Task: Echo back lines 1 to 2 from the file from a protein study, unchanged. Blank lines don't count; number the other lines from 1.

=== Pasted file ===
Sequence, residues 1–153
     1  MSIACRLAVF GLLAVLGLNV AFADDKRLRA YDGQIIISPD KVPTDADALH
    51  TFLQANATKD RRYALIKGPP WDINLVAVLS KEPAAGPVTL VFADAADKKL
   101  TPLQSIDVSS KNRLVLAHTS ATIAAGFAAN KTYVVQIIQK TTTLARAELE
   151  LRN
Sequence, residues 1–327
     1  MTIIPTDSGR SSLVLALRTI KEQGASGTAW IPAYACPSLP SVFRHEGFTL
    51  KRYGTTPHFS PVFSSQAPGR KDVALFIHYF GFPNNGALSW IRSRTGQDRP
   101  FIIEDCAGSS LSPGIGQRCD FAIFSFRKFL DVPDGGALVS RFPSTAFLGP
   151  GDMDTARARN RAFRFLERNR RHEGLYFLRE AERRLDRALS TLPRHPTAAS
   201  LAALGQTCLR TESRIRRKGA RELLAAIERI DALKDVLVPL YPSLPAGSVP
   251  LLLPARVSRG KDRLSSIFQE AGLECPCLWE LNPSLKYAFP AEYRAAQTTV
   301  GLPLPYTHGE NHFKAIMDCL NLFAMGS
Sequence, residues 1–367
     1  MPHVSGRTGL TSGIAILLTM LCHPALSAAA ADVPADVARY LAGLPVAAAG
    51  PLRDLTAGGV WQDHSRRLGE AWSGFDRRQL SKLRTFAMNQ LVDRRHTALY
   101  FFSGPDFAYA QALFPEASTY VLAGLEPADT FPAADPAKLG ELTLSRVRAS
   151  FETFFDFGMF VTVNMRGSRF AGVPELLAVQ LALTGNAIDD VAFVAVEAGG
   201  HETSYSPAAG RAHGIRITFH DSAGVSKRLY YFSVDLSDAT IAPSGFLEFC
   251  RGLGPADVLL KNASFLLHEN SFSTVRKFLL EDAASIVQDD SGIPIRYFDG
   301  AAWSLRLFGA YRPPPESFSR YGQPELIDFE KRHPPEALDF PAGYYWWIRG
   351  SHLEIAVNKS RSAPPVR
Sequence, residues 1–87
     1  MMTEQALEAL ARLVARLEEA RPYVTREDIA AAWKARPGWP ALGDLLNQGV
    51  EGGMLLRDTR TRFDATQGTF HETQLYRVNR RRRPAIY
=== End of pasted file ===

Sequence, residues 1–153
     1  MSIACRLAVF GLLAVLGLNV AFADDKRLRA YDGQIIISPD KVPTDADALH